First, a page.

U.S. federal agency that invests in “high-risk, high-payoff” research to advance capabilities of the government’s intelligence agencies has started a five-year program to develop superconducting circuits for the most powerful spy computer to date.
The Intelligence Advanced Research Projects Activity (IARPA) has signed research contracts with IBM, Raytheon-BBN, and Northrop Grumman Corp. to support the program called C3, or Cryogenic Computing Complexity.
The promise of superconducting processing is to take computing far beyond limits of the currently used complementary metal oxide semiconductor (CMOS) technology. If the technology proves to be effective and possible to manufacture at low enough cost, it will greatly reduce power and cooling requirements of supercomputers and data centers as well as the amount of space required to house cooling infrastructure.
“The power, space, and cooling requirements for current supercomputers based on complementary metal oxide semiconductor (CMOS) technology are becoming unmanageable,” Marc Manheimer, C3 program manager, said in a statement.
Superconducting circuits make quantum computing possible. Quantum computing takes advantage of the special property of subatomic particles called qubits to be in more than one state at once, which theoretically can deliver much faster computing than the current binary paradigm.
Besides the spy computer research program, there are multiple ongoing R&D projects around superconducting computing in academia and the public sector, including efforts by researchers at MIT, University of California Santa Barbara, Google, and National Aeronautics and Space Administration.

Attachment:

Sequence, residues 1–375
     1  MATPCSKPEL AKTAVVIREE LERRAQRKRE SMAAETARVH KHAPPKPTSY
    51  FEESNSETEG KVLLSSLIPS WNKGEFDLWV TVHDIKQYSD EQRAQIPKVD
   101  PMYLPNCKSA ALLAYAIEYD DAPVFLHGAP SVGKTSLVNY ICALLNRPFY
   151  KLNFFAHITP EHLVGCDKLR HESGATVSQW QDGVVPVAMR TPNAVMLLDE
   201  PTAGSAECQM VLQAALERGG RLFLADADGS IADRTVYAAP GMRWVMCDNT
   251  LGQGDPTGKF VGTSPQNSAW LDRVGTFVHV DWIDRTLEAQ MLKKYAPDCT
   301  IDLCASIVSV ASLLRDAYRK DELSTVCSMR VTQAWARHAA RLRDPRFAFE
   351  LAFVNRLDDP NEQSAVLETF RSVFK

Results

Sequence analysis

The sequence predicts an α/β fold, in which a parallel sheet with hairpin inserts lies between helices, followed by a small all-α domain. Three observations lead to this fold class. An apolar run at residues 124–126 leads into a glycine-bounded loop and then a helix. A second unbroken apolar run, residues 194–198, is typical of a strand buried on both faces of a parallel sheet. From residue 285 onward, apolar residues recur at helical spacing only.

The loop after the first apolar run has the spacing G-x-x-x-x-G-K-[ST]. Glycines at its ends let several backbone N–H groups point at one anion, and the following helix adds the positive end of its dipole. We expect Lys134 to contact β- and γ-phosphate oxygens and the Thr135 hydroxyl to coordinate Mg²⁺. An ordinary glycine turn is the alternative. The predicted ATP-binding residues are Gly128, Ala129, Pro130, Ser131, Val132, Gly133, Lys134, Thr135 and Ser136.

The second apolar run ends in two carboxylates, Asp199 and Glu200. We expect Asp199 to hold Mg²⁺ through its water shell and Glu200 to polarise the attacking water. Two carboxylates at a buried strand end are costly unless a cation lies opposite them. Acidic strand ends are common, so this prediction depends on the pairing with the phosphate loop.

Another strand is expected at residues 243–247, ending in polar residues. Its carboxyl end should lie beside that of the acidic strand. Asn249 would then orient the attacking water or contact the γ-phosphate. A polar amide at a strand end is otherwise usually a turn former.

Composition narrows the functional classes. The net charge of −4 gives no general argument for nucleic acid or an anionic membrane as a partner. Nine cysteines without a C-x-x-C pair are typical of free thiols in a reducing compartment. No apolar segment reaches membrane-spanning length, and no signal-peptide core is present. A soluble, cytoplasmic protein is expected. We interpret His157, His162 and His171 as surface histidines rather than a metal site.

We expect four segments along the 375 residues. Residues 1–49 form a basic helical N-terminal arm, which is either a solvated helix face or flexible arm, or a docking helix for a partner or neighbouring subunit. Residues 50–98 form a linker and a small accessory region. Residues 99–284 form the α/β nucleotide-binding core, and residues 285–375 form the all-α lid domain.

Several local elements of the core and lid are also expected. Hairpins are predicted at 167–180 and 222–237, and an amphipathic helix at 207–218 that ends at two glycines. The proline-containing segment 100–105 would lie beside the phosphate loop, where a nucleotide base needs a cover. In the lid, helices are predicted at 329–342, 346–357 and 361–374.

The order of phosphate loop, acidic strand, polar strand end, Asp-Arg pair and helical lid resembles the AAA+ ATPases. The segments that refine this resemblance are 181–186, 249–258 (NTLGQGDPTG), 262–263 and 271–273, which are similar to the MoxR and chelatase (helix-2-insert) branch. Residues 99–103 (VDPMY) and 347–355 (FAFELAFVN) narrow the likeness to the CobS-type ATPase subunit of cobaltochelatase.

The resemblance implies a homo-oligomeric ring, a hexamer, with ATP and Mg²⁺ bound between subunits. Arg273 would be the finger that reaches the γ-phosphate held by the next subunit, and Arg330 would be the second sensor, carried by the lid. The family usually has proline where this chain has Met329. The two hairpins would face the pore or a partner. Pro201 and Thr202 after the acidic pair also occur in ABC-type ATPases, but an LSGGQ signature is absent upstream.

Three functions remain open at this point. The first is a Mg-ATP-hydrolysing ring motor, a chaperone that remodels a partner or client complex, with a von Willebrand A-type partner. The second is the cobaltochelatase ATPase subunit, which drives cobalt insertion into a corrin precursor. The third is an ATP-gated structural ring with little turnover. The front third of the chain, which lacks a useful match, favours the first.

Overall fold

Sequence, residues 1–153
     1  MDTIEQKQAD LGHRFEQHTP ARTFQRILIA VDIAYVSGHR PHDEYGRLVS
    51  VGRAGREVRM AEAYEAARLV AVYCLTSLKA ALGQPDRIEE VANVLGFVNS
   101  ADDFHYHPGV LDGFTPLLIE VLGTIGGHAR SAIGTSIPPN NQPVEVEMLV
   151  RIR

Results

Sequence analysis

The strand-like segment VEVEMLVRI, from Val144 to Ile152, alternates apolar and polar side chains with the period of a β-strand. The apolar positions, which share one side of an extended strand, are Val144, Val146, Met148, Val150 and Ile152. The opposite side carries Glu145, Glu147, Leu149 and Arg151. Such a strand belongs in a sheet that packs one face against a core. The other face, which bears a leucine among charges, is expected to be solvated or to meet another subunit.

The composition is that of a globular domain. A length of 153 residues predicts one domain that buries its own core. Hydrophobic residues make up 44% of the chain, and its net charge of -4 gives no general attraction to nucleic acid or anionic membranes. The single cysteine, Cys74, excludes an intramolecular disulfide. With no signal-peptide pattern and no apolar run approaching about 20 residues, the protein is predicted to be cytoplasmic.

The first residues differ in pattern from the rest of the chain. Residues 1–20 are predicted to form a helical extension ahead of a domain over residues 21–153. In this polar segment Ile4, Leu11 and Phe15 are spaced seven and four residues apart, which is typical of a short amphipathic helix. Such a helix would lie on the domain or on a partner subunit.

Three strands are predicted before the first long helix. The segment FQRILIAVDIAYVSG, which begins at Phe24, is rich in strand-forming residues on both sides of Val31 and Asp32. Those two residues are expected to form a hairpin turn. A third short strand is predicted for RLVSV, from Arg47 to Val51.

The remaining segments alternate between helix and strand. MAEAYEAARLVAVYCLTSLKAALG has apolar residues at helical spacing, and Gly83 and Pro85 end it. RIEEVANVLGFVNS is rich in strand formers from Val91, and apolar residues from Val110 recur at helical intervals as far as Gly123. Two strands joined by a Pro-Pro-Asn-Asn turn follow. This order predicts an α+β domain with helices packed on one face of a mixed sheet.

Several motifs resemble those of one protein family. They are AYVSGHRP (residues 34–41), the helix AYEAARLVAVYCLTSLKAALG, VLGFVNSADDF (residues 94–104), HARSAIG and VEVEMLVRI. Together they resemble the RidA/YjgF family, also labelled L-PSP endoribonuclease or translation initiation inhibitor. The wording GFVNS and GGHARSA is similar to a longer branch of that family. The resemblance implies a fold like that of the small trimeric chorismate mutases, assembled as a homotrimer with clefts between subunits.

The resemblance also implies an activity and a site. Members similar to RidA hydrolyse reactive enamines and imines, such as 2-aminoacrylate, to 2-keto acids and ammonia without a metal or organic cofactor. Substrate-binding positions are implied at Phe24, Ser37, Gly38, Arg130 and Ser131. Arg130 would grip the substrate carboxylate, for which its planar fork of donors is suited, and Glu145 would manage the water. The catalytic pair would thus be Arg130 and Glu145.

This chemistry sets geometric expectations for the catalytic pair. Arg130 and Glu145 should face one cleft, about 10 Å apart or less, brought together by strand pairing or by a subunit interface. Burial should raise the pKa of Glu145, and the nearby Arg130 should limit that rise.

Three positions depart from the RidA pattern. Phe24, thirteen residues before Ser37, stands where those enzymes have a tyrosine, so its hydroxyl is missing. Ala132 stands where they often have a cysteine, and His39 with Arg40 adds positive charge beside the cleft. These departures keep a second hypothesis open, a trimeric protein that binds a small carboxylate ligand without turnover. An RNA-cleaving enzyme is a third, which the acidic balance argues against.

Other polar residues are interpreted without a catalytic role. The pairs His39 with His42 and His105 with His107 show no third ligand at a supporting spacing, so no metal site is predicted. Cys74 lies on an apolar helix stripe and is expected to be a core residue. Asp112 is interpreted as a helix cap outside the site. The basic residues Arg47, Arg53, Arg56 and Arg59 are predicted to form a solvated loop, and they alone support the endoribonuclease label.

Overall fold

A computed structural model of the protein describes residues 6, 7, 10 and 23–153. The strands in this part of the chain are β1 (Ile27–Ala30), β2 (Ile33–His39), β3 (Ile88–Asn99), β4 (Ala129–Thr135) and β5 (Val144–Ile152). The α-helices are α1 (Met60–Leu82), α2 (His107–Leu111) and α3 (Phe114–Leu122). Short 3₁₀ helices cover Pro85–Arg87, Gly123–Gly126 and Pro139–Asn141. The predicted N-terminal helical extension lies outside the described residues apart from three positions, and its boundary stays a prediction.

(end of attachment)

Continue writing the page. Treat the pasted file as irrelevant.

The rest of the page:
Some superconducting circuits have been clocked at 770 gigahertz, according to a report by MIT News. For comparison, Intel’s fastest processor to date, Core i7-4790K, clocks at a maximum of 4.40 GHz.
Tianhe-2, the Chinese system currently considered the world’s most powerful supercomputer, runs on 2.2 GHz processors, albeit it runs on more than 3.1 million processor cores. The system requires nearly 18 MW of power.
Superconducting circuits have no electrical resistance and thus produce no heat. This is achieved by cooling the material down to a point where the atoms stop moving, allowing electrons to pass without bumping into them and producing heat as a result.
A recently published paper by MIT researchers describes superconducting circuits made of niobium nitride that operate at minus 257 degrees Celsius. They are cooled to that temperature by liquid helium.
These circuits need about 1 percent of the energy a conventional chip needs.
Another major ongoing supercomputing research effort by the federal government is the Department of Energy’s program focused on reaching exascale computing. An exascale computer can perform billion billion calculations per second (this is measured as 1 exaFLOP/s).
The aforementioned Tianhe-2 system’s maximum theoretical performance is about 54,900 teraFLOP/s. To do what a 1 exaFLOP/s system can do in one second, one would have to make one calculation per second for about 31.7 billion years, according to the website of Indiana University.
IARPA’s program is looking well beyond exascale. C3 administrators expect to have the technology needed to demonstrate a small superconducting processor, and in five years a “small-scale working model of a superconducting computer.”